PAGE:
Tiny House, Tiny ecoLab

One of my first big projects, outside of my Wetland Restoration Work, is working on creating and building my own mobile lab (Or as many of you know them as, A Tiny House). One that is Environmentally Sound and is stable enough to go on location to Environmentally unstable areas. I don’t want to create an ominous and scary sterile lab but one that is capable of taking the dirty hit that my field requires. A home away from home when I’m in an area that isn’t my home. That’s why when I stumbled upon the Tiny House, Big Living HGTV show, a tiny lightbulb went off in my head. They are built sturdy enough to travel and would replace the added expense of a hotel! Perfect! Plus, I get to sleep around science!!!!  Nerd Squeal—It’s a thing!!!

History Behind The Idea

The idea of my own lab didn’t happen organically. It arose after a troubling meeting with the President of my University in the Fall. My Tribal University that I attend is not without its major hurdles. It takes some serious dedication to attend there. Haskell is severely underfunded and is quite dilapidated. But despite all of this I love this University. Not for what it has the potential to be but for its historic past. That I can choose to attend here when children the age of my own kids didn’t have that option. Haskell arose from the crippling era of forced Native American Boarding Schools and turned into a place of hope for our critical cultural revival.

I was informed that even if I secured grant funding for a lab on campus there just wasn’t going to be the campus support for lab space or resources for me to access for research. It broke my heart hearing that because attending a school as unique as this opens the door to specific types of grants but if the campus couldn’t support it, I was facing the very real possibility of having to leave.

Despite my Heart Breaking into a Million pieces, I made an off the cuff comment to the President about building my own Tiny House if I needed to. She Laughed, then I laughed, then the secretary laughed. I don’t think even I truly believed it could be done. However, from there the idea took root despite not really taking it serious at the time and I began to panic because the time for my research was coming up within the next year.

The Future Of My Tiny ecoLab

My Tiny ecoLab will have a future past Academic Research. After school is completed I have the exciting Field of Environmental Consulting awaiting me.  This is where my Tiny ecoLab will serve it’s long-term purpose. It will be tackling Environmental Issues with me from sea to shining sea. I relish the idea of doing some wide-scale Environmental Cleanup work on Turtle Island. My people have been guardians of this wonderful land for thousands of years. And we loved it. I am excited that my field gives me the opportunity to continue this amazing legacy. While I will be focusing on working with Tribal Entities my work won’t end there. I love the idea of working with Tribal Entities because we are all so diverse and our Environments range from Lush Forested Regions, to the Desert, and all the way to the Prairie at the Heart of the Country.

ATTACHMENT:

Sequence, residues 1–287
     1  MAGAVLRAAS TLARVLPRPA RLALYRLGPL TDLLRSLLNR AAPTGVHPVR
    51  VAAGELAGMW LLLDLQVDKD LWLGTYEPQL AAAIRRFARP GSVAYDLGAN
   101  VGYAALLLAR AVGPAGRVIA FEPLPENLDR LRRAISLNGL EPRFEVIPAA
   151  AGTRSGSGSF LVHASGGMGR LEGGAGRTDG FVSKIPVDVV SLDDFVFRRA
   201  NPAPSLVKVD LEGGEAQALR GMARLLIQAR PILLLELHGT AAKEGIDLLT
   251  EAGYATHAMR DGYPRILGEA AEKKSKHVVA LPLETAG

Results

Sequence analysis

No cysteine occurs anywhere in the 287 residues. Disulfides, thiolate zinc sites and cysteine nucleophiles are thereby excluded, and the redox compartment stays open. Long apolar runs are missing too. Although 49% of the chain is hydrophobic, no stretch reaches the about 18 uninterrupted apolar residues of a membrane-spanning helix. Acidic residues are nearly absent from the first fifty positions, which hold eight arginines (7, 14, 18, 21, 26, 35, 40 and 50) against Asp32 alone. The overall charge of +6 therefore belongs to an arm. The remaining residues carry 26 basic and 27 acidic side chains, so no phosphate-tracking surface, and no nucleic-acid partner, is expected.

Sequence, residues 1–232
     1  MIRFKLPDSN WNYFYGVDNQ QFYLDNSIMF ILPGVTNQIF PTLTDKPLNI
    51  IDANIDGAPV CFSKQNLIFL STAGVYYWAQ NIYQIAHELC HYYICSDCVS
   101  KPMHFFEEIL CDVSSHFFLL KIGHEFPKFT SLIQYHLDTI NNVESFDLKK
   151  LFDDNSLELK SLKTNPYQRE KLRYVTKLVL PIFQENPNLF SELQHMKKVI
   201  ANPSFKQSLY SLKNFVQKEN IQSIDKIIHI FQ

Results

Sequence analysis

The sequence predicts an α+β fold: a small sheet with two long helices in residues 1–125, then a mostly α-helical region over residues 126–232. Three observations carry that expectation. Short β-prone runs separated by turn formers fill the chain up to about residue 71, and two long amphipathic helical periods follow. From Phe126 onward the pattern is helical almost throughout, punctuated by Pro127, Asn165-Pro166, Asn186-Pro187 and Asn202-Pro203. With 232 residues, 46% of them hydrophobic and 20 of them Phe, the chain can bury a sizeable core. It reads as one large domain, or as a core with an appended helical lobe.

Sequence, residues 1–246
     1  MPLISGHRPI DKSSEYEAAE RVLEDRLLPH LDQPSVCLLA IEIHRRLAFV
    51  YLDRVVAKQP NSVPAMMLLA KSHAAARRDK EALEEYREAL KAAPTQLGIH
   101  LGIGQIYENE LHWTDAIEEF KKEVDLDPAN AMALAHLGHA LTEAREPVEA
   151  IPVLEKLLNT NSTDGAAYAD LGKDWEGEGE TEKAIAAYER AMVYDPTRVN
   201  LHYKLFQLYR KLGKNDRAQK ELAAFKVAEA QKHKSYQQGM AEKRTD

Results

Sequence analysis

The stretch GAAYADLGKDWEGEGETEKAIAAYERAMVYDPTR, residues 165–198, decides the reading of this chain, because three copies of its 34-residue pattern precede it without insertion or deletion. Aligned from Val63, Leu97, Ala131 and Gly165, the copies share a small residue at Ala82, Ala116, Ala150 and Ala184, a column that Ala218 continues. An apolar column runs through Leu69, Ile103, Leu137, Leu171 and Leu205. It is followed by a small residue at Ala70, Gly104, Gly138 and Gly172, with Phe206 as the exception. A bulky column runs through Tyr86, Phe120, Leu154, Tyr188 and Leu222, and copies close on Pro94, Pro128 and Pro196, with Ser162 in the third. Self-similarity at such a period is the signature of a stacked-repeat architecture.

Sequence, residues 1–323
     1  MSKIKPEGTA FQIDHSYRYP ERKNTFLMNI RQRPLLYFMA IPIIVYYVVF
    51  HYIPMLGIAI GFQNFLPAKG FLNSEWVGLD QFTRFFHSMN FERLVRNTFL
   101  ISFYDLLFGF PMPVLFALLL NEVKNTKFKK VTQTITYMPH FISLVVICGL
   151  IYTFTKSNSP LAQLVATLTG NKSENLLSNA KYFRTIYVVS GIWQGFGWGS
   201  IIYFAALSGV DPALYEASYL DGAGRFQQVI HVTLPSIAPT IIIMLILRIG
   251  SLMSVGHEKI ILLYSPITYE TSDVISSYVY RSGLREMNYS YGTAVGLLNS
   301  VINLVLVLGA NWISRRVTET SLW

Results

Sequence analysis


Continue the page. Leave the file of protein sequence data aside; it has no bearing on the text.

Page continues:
What’s Next?

Fundraising… I will be launching a GoFundMe Project in the next two weeks. The link will be posted and a new post will be put out when that goes live. So Stay Tuned!

  • I have spent the last few months developing this site and compiling preliminary research on Tiny Houses. I know my first step will be on the acquisition of a Trailer. So that became the first major part of this journey. I have decided to go with the Tumbleweed Cypress 20 floor plan.

Love,

N.K.

About N.K.

N.K. is a Mom, Blogger, and Native American Environmental Scientist living in the State of Kansas. When she's not in the field collecting samples, she's ushering her children around the Soccer Field, or has her nose buried in a book. Her passion for the Environment and being a Mom are her greatest attributes.

Comments

  1. Sounds very cool and I’m looking in more designs of tiny houses, wondering if it might be a good solution as a workspace for me.

  2. So many different tiny house projects now. Good on you for taking on the challenge. Best always.

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